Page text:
Bride-trafficking: Pradhans to keep track of Uttarakhand girls married in other states

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In a unique initiative to clamp down on bride trafficking from Uttarakhand, the state commission for women has roped in village pradhans who will keep track of girls from their respective areas married to men in other states. The pradhans will also submit a “well-being report” of the girls once in three months to the commission. In case the women go “missing”, the rights panel and police will reach out to her in-laws.

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The project has been launched in Uttarkashi whose Moori and Purola blocks see rampant bride trafficking.

Ramindri Mandrawal, secretary, Uttarakhand State Commission For Women, said, “There are some areas of Uttarakhand where daughters are sold by poor parents. In some cases, parents are fooled by traffickers who pose as matchmakers to get the girls married to men in other states. The women are then treated as commodities and slaves. Village pradhans will now keep an eye on this.”

Hundreds of young girls in northern India are lured or sold into involuntary marriage every year, according to a 2015 report published by the United Nations Office on Drugs and Crime. The women are bartered at prices that vary depending on their age, beauty and virginity, and exploited under conditions that amounts to a modern form of slavery. The report cited findings of a study by NGO Shakti Vahini which said that victims were mostly from Uttarakhand, AssamWest BengalJharkhand, Odisha, Bihar, Madhya Pradesh, Uttar Pradesh and Himachal Pradesh.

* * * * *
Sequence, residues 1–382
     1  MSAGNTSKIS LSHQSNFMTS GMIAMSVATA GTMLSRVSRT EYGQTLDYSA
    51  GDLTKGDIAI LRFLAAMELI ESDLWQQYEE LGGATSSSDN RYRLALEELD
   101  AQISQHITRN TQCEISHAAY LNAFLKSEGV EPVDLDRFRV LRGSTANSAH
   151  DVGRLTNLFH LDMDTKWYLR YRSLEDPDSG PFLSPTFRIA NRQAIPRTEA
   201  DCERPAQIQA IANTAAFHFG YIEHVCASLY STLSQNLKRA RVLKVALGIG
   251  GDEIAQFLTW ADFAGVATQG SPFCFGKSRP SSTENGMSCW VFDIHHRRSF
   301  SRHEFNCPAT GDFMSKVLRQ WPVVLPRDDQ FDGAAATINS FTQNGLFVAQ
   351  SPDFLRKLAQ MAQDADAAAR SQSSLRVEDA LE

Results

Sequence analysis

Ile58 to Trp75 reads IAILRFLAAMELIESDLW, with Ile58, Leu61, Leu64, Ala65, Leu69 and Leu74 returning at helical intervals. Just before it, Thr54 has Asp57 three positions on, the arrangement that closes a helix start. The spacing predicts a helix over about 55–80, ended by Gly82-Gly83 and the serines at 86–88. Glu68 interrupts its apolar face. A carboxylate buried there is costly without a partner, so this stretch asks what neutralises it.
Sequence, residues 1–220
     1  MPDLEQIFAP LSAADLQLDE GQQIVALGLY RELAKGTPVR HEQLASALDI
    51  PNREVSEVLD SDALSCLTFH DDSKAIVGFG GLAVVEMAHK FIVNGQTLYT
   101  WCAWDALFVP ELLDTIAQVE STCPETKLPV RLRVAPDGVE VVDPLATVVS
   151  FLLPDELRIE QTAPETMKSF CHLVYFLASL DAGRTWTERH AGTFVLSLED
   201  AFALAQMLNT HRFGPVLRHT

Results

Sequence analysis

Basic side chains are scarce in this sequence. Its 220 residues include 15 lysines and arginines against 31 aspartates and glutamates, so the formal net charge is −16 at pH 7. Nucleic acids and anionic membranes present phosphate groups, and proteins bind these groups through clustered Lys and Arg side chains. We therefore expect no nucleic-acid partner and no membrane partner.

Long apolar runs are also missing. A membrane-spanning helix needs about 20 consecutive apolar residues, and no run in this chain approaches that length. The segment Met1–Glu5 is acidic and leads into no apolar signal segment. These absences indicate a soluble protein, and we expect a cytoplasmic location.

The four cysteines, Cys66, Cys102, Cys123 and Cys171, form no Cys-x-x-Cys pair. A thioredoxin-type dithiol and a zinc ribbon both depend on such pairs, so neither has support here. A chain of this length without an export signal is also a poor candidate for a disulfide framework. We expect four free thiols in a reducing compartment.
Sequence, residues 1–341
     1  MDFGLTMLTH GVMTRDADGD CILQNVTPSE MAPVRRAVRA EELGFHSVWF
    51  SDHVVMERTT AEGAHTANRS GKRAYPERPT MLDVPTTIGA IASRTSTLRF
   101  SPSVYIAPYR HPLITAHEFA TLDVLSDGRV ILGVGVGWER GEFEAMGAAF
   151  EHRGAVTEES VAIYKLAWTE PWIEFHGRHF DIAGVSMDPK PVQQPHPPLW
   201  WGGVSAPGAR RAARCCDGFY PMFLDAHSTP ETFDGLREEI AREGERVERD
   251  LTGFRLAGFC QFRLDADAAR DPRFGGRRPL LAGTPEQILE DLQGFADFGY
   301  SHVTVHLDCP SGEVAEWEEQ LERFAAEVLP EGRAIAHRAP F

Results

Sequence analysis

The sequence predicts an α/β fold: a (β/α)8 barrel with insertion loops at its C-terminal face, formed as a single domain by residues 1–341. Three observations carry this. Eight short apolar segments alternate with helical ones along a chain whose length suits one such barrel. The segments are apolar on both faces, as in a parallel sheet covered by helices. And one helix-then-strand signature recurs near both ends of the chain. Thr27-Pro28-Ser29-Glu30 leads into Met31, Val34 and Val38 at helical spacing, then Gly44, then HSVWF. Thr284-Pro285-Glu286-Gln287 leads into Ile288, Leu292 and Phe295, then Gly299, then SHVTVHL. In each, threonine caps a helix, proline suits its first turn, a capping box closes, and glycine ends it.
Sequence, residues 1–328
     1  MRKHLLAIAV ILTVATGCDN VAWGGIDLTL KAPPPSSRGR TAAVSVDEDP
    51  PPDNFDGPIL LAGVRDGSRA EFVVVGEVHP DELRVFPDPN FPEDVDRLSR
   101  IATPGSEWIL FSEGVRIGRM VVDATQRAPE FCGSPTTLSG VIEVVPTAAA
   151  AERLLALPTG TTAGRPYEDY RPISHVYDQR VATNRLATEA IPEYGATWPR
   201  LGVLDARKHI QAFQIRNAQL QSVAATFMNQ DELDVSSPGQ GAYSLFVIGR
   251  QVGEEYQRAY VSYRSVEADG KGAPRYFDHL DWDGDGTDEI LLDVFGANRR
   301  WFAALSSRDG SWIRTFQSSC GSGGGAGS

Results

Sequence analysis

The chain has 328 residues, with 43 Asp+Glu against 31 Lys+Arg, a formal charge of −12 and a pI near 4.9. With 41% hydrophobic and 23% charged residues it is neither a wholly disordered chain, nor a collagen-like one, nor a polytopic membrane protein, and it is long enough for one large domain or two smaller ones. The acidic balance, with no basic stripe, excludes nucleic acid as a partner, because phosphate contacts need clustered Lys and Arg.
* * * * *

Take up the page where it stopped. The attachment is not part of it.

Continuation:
In Uttarakhand, many cases of bride trafficking from the state have come to light in the recent past. Earlier in November, two men from Jammu and one from Nepal were arrested by Pithoragarh police’s anti-human trafficking cell along the Indo-Nepal border for allegedly trafficking a minor Nepalese girl on the pretext of marriage.

Uttarakhand shares a porous 263-km-long India-Nepal border in Pithoragarh and Champawat, and the commission has plans to ask pradhans from these districts as well to help curb bride trafficking.

Meanwhile, many pradhans from villages in Uttarkashi said they were willing to create awareness and “protect” girls from sham marriages. The more forthcoming ones among them said that they would use social media to stay connected to the girls.

Arvind Kumar, pradhan of Math village in Purola block, said, “Keeping tabs on newlyweds may sound awkward but it is only by taking joint responsibility that we can eliminate bad elements from society. The villages here are small and girls are few so it is easy to do this.”

 Another pradhan, Raji Devi from Dhundhi village in Dunda block, added, “Such combined community initiatives will deter traffickers as well as parents who sell their daughters. We will create WhatsApp groups to connect with girls married in other states.”
 Some anti-trafficking experts, however, cautioned that such crimes were highly organized and pradhans should be trained first.
 Anti-human trafficking activist Gyanendra Kumar said, “Bride trafficking is a heinous and organized crime and those trying to put curbs on it need to be trained. In many cases, parents themselves sell off their daughters with local people acting as spotters for them. This network needs to be broken first.”

 

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